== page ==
a century of acts for civil rightsleading to a civil rights act
In 1962, Laura McGhee invited civil rights organizers to stay at her Mississippi farm. A widow with three sons, McGhee also repeatedly used the title on her farm as security for bail bonds to get civil rights workers out of jail. As a southern black woman challenging white men in positions of power, she soon found herself under fire; nightriders attacked her farmhouse, and police officers beat her and her sons with nightsticks whenever they had the chance.
But McGhee fought back, decisively and with apparent fearlessness. After a police officer once raised his club to strike her, Charles Payne reports, other civil rights protesters "had to pull her off him." As the attacks on her home intensified, she took to sleeping during the day so she could spend nights on her front porch "with her Winchester." When her sons shot at a carload of attackers one night, the local sheriff showed up with a group of FBI agents the next day "to warn her against letting her boys shoot back. She said that was okay; she'd do all the rest of the shooting herself. They were not bothered by nightriders for a while after that."
This set of events -- the violent attacks on a black woman who supported civil rights organizations, the involvement of the local sheriff and the FBI on the side of the white supremacists, and McGhee's own aggressive and persistent self-defense -- reflect the very most fundamental themes of the history of black Americans in the century after emancipation; it was another black woman, the anti-lynching crusader Ida Wells, who wrote eighty years before that "a Winchester rifle should have a place of honor in every black home."
In the last twenty years, the century-long exchange of violence between white supremacists and ordinary black men and women has been covered in breadth and depth by historians. Timothy Tyson, Robin D.G. Kelley, Jacqueline Jones, and many others have shown us in great detail the kinds of daily resistance to white supremacy that took place at the center of ordinary people's lives.
Tyson has paid particular attention to Robert F. Williams, a black WWII veteran who led the small local NAACP branch in Monroe, North Carolina, with an aggressive distaste for the concept of non-violence. Williams discussed his campaign against segregation in a memoir, Negroes with Guns, describing an incident in which white men tried to pull him and several other activists out of a car and kill them while the local police stood quietly by and watched. The police got involved, natch, only when Williams and his friends got out of the car with guns of their own. Daisy Bates, the local NAACP president who led the effort to integrate Central High School in Little Rock, Arkansas, tells a similar story in her book about those days. She fought to integrate the local high school; white men tried to kill her; she stuck a gun in their faces, and they ran.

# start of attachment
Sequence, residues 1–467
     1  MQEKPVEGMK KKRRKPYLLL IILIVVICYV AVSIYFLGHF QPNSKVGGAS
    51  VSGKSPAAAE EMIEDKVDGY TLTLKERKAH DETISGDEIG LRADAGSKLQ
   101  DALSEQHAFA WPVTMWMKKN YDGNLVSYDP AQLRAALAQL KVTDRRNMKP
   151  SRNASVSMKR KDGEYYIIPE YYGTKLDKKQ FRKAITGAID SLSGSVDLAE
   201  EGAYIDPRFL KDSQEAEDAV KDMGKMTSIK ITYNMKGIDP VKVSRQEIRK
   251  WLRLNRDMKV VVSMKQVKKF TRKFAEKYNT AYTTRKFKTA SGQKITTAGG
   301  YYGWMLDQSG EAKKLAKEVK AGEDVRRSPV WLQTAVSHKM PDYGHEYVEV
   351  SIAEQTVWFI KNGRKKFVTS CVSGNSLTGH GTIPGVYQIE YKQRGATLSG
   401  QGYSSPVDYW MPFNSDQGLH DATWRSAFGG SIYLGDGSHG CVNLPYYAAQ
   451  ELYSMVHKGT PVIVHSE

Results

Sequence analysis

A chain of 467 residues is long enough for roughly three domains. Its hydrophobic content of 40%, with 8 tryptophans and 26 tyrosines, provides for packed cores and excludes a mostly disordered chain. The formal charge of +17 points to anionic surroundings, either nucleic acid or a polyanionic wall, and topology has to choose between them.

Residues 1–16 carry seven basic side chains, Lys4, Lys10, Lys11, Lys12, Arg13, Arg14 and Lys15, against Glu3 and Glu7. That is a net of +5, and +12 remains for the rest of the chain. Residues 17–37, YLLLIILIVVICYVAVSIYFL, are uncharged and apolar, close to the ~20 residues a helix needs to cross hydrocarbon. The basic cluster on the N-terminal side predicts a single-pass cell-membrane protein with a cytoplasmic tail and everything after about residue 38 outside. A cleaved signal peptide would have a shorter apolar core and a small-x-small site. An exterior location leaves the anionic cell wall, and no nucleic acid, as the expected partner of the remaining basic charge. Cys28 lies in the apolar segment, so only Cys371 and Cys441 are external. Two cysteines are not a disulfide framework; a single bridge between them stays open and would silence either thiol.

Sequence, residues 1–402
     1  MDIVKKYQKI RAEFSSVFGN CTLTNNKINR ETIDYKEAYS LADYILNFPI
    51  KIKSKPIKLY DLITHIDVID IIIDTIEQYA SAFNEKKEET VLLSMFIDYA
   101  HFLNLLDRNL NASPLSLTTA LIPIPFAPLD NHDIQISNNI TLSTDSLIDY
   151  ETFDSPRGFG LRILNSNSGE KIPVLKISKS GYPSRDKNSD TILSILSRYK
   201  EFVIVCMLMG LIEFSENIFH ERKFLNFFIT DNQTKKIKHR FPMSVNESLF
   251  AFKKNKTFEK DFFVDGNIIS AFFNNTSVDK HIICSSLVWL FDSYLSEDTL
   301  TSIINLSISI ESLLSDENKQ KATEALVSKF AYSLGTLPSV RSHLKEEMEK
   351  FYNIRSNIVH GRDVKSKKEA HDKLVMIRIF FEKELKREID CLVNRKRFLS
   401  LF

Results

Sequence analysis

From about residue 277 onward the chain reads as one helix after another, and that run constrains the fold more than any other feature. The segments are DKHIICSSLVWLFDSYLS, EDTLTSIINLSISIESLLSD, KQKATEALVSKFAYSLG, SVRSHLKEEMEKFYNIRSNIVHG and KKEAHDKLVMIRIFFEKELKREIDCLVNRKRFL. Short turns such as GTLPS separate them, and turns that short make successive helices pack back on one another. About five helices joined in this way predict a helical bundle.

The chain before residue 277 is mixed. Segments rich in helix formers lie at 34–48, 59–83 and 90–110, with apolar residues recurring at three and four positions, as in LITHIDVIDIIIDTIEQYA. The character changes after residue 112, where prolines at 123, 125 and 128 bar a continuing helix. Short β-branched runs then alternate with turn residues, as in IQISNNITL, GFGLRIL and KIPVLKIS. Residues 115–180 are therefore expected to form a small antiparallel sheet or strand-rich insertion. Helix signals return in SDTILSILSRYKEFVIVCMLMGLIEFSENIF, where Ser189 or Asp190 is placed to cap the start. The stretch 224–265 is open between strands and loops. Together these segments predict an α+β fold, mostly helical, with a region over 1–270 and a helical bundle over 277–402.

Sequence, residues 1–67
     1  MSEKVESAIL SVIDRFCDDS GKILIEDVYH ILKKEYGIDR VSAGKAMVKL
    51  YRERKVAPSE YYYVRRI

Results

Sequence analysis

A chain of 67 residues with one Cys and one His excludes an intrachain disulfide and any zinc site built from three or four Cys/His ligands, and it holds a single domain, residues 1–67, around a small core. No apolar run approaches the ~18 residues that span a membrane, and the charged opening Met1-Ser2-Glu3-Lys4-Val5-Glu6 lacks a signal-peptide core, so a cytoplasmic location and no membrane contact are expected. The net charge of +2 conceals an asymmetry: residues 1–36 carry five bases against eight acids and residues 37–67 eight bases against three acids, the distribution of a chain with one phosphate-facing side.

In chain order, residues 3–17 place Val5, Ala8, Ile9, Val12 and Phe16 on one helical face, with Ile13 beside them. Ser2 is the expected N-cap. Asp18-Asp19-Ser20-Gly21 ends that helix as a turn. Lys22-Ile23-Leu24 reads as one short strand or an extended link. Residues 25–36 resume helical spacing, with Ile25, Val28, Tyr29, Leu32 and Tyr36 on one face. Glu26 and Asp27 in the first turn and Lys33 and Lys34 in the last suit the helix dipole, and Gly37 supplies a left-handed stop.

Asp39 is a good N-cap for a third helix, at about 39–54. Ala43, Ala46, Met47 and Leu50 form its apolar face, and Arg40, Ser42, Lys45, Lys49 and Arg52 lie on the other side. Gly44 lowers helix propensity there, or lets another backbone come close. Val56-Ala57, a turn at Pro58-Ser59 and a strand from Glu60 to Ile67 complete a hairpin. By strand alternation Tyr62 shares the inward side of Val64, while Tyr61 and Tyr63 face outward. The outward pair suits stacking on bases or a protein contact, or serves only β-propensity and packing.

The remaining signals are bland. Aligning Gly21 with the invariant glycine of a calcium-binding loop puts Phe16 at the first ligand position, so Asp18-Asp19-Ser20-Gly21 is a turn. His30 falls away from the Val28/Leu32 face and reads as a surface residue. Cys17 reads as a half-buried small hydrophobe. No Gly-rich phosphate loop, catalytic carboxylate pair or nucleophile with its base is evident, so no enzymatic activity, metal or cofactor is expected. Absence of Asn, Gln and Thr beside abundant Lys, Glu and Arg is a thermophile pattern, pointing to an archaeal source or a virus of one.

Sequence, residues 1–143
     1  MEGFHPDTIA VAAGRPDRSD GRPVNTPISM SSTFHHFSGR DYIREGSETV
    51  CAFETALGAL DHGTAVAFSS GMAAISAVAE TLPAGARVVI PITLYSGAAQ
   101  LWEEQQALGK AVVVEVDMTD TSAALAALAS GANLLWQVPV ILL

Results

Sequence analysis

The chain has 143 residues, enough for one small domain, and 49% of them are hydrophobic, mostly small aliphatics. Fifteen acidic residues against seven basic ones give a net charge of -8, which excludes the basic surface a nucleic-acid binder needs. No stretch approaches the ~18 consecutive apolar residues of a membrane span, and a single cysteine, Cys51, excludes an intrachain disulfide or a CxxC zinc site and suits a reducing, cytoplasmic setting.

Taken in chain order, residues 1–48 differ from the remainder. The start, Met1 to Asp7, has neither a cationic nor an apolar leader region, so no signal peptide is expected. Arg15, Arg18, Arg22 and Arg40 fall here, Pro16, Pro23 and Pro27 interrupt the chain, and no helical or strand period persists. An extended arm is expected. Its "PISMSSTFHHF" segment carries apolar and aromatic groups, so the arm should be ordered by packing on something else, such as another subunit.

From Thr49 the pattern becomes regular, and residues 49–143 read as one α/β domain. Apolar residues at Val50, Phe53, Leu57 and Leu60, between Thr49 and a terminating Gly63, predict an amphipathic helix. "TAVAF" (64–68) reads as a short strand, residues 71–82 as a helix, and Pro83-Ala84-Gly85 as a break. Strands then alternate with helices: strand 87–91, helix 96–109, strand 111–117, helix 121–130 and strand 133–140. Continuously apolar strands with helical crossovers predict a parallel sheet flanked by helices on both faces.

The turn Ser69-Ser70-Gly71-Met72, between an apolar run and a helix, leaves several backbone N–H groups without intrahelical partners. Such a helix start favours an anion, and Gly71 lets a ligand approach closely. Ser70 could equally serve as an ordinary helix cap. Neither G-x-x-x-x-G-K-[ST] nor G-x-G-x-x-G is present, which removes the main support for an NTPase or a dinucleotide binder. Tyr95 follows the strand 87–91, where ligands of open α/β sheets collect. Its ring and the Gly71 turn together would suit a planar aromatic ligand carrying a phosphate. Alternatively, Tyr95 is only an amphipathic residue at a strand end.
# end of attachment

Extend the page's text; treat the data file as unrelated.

And so, to go back to my earlier post about MLK and LBJ: Take a look at this section of the Letter from Birmingham Jail, with emphasis added:
I began thinking about the fact that I stand in the middle of two opposing forces in the Negro community...The other force is one of bitterness and hatred, and it comes perilously close to advocating violence. It is expressed in the various black nationalist groups that are springing up across the nation, the largest and best known being Elijah Muhammad's Muslim movement. Nourished by the Negro's frustration over the continued existence of racial discrimination, this movement is made up of people who have lost faith in America, who have absolutely repudiated Christianity, and who have concluded that the white man is an incorrigible 'devil.'And yeah, that's a threat. Martin Luther King played a tactical posture of non-violence against a threat of violence; he said, to Lyndon Johnson and to the rest of white America, we can do this the peaceful way, or we can fucking kill some of you. He was able to make that threat, and make it plausibly, because of a century of black men and women who were willing to shoot back.
I have tried to stand between these two forces, saying that we need emulate neither the 'do nothingism' of the complacent nor the hatred and despair of the black nationalist. For there is the more excellent way of love and nonviolent protest. I am grateful to God that, through the influence of the Negro church, the way of nonviolence became an integral part of our struggle. If this philosophy had not emerged, by now many streets of the South would, I am convinced, be flowing with blood. And I am further convinced that if our white brothers dismiss as 'rabble rousers' and 'outside agitators' those of us who employ nonviolent direct action, and if they refuse to support our nonviolent efforts, millions of Negroes will, out of frustration and despair, seek solace and security in black nationalist ideologies--a development that would inevitably lead to a frightening racial nightmare.
So the liberal triumphalist narrative in which King used heartfelt reasoning to convince Johnson of the justice of the black cause, leading the benevolent white liberal president to grant black freedom and equality by waving the state's wand of justice, doesn't work. The facts aren't there. There was a hundred years' war in the United States, and the bad guys lost.